Juliet Sperling, an assistant professor in art history and the Kollar Endowed Chair in American Art, has cultivated a spring 2021 seminar centered around artist Jacob Lawrence’s multi-panel narratives of American history, with the goal of deepening student appreciation of his contributions to 20th-century art.
ART H 400 A: Art and Seattle: Jacob Lawrence is expected to look closely at Lawrence’s vast collection of work. Lawrence was previously a professor of painting at the School of Art + Art History + Design and is the namesake of its Jacob Lawrence Gallery. According to Sperling, Lawrence’s oeuvre is heavily influenced and shaped by the city of Seattle.
“Anyone who works or studies at the UW is linked to [Jacob Lawrence’s] artwork and his story,” Sperling said. “Understanding that artwork and that story more fully will enrich our time here.”
Beyond the objectives of a standard art history course, Sperling said she wants students enrolled in ART H 400 to “leave with a deeper understanding of Jacob Lawrence’s legacy at our university and in our community.”
Students will engage with course content through original research and review of a digital publication spotlighting work made during Lawrence’s time.
The course takes inspiration from the themes and questions generated by the upcoming Seattle Art Museum (SAM) exhibition “Jacob Lawrence: The American Struggle,” which opens March 5.
“We’ll intersect with the exhibition in concrete ways; for instance, by examining specific works in the show and meeting with one of the curators,” Sperling said. “We’ll also expand beyond it to examine Lawrence’s art historical importance from other angles.”
According to SAM, the exhibition “reunites Lawrence’s revolutionary 30-panel series ‘Struggle … from the History of the American People.’”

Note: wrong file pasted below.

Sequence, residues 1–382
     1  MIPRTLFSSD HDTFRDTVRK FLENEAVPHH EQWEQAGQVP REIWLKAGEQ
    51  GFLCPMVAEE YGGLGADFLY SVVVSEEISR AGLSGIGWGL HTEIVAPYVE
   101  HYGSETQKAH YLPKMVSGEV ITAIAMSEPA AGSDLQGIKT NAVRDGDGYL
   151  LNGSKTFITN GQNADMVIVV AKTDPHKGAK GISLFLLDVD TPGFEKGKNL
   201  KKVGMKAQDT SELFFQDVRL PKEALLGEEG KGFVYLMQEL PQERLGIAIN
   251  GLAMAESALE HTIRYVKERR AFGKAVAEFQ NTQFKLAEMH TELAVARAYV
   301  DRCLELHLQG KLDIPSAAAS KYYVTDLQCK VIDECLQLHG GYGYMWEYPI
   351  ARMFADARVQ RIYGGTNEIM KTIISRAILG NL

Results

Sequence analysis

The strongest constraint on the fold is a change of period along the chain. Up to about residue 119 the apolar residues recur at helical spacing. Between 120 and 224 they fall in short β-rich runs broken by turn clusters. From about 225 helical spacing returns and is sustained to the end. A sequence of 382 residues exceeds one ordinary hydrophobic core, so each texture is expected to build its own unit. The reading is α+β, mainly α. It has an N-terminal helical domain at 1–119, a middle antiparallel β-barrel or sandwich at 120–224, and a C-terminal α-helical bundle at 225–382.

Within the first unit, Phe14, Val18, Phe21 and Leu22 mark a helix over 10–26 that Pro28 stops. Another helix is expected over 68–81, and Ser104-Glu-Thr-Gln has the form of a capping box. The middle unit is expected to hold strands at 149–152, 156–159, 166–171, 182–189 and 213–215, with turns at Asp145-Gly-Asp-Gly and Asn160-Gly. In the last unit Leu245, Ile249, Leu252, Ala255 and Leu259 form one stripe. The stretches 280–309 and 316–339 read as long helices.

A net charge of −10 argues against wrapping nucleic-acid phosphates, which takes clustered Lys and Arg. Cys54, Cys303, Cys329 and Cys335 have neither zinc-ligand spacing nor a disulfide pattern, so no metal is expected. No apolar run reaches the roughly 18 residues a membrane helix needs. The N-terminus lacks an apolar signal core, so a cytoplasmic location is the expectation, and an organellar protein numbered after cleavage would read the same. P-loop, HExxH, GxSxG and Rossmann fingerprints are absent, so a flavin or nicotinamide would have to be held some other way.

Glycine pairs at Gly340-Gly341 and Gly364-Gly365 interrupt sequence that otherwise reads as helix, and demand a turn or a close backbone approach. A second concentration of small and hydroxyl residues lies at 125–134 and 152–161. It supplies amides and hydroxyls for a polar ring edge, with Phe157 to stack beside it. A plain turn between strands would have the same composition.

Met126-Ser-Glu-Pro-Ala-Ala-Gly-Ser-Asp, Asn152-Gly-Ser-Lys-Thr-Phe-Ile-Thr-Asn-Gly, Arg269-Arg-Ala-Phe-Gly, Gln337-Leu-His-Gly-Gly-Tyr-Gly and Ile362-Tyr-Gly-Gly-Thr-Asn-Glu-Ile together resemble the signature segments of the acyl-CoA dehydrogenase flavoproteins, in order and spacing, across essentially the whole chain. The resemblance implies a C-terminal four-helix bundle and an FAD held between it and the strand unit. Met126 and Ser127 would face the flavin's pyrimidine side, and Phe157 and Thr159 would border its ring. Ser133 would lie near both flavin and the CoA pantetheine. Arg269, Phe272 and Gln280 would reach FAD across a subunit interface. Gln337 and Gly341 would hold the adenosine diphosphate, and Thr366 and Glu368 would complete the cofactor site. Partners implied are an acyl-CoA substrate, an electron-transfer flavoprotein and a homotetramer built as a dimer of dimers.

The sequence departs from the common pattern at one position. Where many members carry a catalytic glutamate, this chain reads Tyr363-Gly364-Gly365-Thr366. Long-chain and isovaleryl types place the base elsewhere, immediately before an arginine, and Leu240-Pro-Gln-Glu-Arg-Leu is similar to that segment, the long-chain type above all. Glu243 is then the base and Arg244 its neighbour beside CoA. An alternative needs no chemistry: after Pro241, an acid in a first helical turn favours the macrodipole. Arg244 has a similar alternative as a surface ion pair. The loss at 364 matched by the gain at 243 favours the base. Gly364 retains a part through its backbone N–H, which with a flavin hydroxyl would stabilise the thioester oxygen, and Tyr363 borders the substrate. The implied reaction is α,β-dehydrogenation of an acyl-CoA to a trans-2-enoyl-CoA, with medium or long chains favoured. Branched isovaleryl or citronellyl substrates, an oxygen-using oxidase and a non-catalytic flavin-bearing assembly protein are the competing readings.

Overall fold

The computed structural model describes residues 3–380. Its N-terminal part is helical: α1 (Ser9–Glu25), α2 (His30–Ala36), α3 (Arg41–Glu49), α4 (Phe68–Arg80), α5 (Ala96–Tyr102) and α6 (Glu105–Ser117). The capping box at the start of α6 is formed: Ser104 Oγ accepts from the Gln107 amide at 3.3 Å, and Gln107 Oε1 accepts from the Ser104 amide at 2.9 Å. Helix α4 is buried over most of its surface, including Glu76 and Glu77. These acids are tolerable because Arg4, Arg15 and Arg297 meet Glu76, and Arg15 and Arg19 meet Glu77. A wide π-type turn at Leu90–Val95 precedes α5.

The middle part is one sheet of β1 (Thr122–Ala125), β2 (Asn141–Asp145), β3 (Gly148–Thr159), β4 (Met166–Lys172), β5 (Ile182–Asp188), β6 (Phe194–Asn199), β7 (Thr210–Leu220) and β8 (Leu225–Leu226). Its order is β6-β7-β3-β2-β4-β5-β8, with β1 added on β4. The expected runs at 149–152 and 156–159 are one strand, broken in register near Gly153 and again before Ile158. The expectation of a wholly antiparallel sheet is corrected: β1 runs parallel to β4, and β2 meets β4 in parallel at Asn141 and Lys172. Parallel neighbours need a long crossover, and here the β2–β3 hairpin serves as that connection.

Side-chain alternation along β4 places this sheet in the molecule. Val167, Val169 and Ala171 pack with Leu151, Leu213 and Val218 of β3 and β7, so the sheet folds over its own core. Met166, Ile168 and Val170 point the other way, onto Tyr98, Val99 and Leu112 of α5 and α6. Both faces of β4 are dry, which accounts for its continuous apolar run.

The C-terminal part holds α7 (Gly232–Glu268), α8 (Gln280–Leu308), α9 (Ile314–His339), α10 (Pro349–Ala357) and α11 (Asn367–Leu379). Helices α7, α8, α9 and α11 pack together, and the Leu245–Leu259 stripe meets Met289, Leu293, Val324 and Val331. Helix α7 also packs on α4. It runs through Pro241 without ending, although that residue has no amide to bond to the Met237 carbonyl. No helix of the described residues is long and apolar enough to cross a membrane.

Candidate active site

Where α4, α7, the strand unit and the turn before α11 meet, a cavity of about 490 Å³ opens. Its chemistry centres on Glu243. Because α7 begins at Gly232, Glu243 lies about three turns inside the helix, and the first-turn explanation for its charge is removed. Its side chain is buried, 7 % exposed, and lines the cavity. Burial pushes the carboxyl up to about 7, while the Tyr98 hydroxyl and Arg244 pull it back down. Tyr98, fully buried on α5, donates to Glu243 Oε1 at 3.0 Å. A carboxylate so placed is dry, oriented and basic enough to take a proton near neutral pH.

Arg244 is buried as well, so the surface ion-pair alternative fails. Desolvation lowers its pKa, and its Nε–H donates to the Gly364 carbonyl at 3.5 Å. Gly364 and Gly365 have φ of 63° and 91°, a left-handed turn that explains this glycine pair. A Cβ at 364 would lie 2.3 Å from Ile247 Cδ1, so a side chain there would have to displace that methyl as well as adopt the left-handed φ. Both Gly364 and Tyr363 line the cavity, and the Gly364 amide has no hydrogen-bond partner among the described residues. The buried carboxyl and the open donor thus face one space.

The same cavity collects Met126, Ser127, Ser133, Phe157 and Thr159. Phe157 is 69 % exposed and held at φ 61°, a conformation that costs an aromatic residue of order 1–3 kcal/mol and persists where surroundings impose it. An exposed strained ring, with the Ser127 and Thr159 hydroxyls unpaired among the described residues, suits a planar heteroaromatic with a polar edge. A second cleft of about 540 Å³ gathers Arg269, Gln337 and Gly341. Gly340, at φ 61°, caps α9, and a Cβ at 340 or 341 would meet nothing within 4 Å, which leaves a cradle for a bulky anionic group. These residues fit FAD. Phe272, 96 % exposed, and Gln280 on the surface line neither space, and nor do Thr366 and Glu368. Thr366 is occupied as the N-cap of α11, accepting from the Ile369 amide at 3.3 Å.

“When [Lawrence] was planning his major projects like the ‘Migration Series’ or ‘Struggle: from the History of the American People,’ he started by diving into archival research,” Sperling said. “He would synthesize all of those primary sources and plot out the narrative like a storyboard. He wanted his viewers to be able to see America's past, their past, from new angles and perspectives.”
Sperling, like Lawrence, is a historian and teacher. She credits Lawrence with influencing her approach to educating people on American history.
“He knew that making history accessible and refusing to reproduce the same dominant narratives over and over was an effective way to reach people who might not otherwise feel included, or implicated, in those stories,” Sperling said.
According to the course syllabus, through the review of “key artworks, art historical scholarship, and primary sources from local archives,” students will study and gain knowledge of Lawrence’s work “as it relates to topics including race, regional experience, artistic networks, abstraction and modernism, narrative, history, and legacy.”
“A big part of [understanding Lawrence’s artwork and story] is learning about his art historical significance, which will be a major focus of this class,” Sperling said. “It also includes examining the major issues and dynamics that shaped the 30 years he spent in Seattle; for instance, the student protests of the late ‘60s and early ‘70s and the formation of the Black Student Union that laid the groundwork for his hire.”
Sperling said she plans on introducing the course with an essay by Steve Locke titled “I, Too, Sing America,” (after Langston Hughes’ famous poem “I, Too”).
“I read [the essay] for the first time only a few months ago, and haven’t stopped thinking about it,” Sperling said. “It's very powerfully written, and teaches the reader so much about Jacob Lawrence and why his work is so important today in only a few pages.”
“Jacob Lawrence: The American Struggle” will be on display at the SAM from March 5 to May 23 in the Simonyi Special Exhibition Galleries.
“We’re so lucky to have this exhibition here in Seattle for the next few months,” Sperling said. “Seeing the ‘Struggle’ series together like this may be a once-in-a-lifetime experience.”
Reach contributing writer Niv Joshi at email@example.com. Twitter: @niveditajoshii
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